San Gabriel Valley Tribune

San Gabriel Valley Tribune
Article Published: Monday, September 15, 2003


- Under Siege
- Cartels growing pot in forest
- Forest at crossoads over public use
- Lake not so crystal
- Fire threat still high, officials say
- Facing Extinction
- Masses and Messes
- A foul problem: garbage
- Groups spread blame for forest damage
- Forest dwellers have created their share of problems
- 'Static' budget hinders forest
- Bad roads hinder vistor, fire vehicle access
- Adventure Pass raises funds, eyebrows
- Saving the forest a tall task


Forest dwellers have created their share of problems

By Diana L. Roemer

ANGELES NATIONAL FOREST -- It's easy to see why people want to live in the Angeles National Forest. It's beautiful. It's peaceful. It's cool.

But some forest dwellers are building in flood zones and are too close to rivers, U.S. Forest Service officials say. Homes built in the forest are in the path of wildfires and, when tucked into winding mountain roads, make blazes difficult to fight.

The people who live in these homes disrupt the lives of creatures who need the natural water source more than humans.

When forests burn, ruins can sit for months on end, a hazard to creatures that wander through them.

And if rains fall, things get worse. All that burned debris -- including propane tanks, pots and pans, kitchen sinks, even cars -- ends up in rivers.

San Dimas Canyon is a case in point. After it was ravaged by last year's Curve and Williams fires, floods followed. Debris inside the burned homes ended up in canyon streams.

Sixty cabins out of 77 in San Dimas Canyon and 50 structures in other parts of the forest burned, said Forest Supervisor Jody Cook.

UNSIGHTLY DEBRIS from burned-out cabins litters the area next to the creek in San Dimas Canyon. (Staff photo by Bernardo Alps)
"Never before have so many recreational residences -- 110 structures -- gone in one fell swoop. We're setting precedents," Cook said, adding decisions on rebuilding will come soon.

Today, there are 500 homes permitted inside the Angeles National Forest's boundaries, many deep in the forest, said Recreational Lands Officer Raina Fulton.

Homes began to dot the forest during the Great Depression. In 1987, the Forest Service said "no more because people were -- and still are -- taking liberties with the land," Fulton said.

Homes meant to be weekend getaways have quietly turned into primary residences, forcing the Forest Service to firm its policies, especially in the aftermath of fires.

Many forest dwellers wear out roads, uproot sensitive plants and push creatures out.

But some people can live amid Mother Nature without destroying her.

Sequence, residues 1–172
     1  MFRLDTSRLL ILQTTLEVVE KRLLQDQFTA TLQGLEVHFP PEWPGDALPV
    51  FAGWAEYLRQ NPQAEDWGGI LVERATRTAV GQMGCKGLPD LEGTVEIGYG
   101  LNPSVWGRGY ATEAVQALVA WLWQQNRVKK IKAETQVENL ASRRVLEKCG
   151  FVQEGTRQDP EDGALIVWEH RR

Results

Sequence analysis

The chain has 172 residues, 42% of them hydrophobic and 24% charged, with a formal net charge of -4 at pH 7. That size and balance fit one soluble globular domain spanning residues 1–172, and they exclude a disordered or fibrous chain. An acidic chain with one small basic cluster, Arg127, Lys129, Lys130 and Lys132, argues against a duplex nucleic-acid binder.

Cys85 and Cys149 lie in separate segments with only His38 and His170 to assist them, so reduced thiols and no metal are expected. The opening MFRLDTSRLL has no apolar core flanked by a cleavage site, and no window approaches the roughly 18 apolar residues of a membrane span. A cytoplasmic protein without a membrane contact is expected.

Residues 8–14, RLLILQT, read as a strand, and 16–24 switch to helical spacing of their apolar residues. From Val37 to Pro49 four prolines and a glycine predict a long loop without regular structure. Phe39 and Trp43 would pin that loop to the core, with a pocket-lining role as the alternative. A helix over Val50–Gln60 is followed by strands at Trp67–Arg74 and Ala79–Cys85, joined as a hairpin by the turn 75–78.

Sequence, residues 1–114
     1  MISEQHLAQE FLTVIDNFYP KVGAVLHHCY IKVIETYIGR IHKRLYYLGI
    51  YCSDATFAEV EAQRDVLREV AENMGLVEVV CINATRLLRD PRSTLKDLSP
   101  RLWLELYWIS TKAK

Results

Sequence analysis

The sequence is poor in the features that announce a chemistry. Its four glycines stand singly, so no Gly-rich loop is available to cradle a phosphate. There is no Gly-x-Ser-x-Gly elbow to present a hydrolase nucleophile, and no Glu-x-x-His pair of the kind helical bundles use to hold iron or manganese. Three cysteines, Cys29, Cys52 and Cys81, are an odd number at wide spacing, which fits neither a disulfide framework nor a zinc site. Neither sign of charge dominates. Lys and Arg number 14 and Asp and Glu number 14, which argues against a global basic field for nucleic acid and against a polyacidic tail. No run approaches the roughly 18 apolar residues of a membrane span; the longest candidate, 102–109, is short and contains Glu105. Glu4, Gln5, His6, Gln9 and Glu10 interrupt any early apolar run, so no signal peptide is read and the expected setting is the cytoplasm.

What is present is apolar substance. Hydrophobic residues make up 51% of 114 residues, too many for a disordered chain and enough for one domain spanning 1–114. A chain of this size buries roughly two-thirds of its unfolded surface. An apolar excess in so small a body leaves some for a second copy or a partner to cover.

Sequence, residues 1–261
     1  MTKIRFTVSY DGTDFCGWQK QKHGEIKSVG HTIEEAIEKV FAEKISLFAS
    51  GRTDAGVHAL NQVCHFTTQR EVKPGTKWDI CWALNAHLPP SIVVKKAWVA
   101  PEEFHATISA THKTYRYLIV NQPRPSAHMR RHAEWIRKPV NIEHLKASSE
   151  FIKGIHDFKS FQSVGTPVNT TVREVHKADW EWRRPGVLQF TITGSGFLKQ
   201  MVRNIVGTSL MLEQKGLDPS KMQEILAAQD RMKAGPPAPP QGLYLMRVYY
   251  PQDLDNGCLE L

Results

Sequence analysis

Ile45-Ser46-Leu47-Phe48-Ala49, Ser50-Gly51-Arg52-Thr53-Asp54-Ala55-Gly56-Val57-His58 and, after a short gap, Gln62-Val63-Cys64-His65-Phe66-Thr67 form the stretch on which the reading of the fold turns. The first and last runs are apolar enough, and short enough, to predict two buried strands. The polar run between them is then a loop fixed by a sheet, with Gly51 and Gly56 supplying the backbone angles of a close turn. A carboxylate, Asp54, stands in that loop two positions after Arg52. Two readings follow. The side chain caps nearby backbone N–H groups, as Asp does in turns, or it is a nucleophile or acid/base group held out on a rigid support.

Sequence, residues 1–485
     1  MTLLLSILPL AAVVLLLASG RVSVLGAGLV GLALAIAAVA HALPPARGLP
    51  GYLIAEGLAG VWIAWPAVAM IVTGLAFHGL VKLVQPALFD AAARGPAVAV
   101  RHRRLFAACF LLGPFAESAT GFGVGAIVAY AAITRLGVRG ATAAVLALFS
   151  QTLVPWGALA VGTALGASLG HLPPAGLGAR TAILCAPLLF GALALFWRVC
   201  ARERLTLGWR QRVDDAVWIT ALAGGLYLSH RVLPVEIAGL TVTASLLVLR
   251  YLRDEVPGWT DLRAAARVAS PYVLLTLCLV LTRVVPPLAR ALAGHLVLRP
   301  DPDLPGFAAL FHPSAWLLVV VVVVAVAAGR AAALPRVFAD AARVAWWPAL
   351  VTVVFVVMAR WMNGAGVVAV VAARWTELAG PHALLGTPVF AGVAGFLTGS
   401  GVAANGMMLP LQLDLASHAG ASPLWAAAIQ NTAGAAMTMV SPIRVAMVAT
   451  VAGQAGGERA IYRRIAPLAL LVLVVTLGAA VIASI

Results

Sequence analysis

Along the East Fork Road in the San Gabriel Canyon are camps Williams and Follows. People live there legally because the land is private. They have their own volunteer fire departments that help keep homes safe during the fires.

Besides renegade forest dwellers, there is the problem of sprawl. Developers push closer to the forest's boundaries with home developments.

Cook wants them slowed down. She sent officers to meetings about the 327 Mountain Cove homes built in Azusa, north of Sierra Madre Boulevard, off Highway 39.

"We showed up to the meetings and tried to have an effect about what some of the negatives would be ... of putting homes that close to the forest," Cook said. She said the homes could wash into the San Gabriel River if floods come.

More Debris
SOME DEBRIS from one of the 60 cabins burned in the fires last year litters the forest. After the fires, floods carried cabin debris into the river and streams. (Staff photo by Bernardo Alps)
There are no buffer zones between houses and the forest. And the inability to adequately fight fires is the reason such homes should not be built, she said.

Other homes are coming, Cook says, especially on the north side of the San Gabriels, west of Highway 14.

"These developments going in ... you can jump from roof to roof and look into each other's bathrooms," Cook said.

The Forest Service, conservancies and cities find hope in the failure of some developers, like Denver-based NJD, Ltd., to build as they wish. That company lost two lawsuits it filed against foothill cities Glendora and San Dimas, both of which want to limit NJD's proposed developments on 400 foothill acres.

Grading is the issue in San Dimas and Glendora. Land has to be bulldozed and smoothed for homes, which would take out plants and animals.

NJD official Rick Jamison said the company will fight the lawsuits.

Fulton said areas above Bouquet Canyon, west of Highway 14 and in the Big Tujunga area near Wildwood Vogel Flats, are growing rapidly.

To Cook, so many homes paint a bleak picture for forest creatures. She said she cannot allow any activity to go on that endangers plants or animals.

"If I do, I go to jail. That's the law," she said.

-- Diana L. Roemer can be reached at (626) 962-8811, Ext. 2105, or by e-mail at

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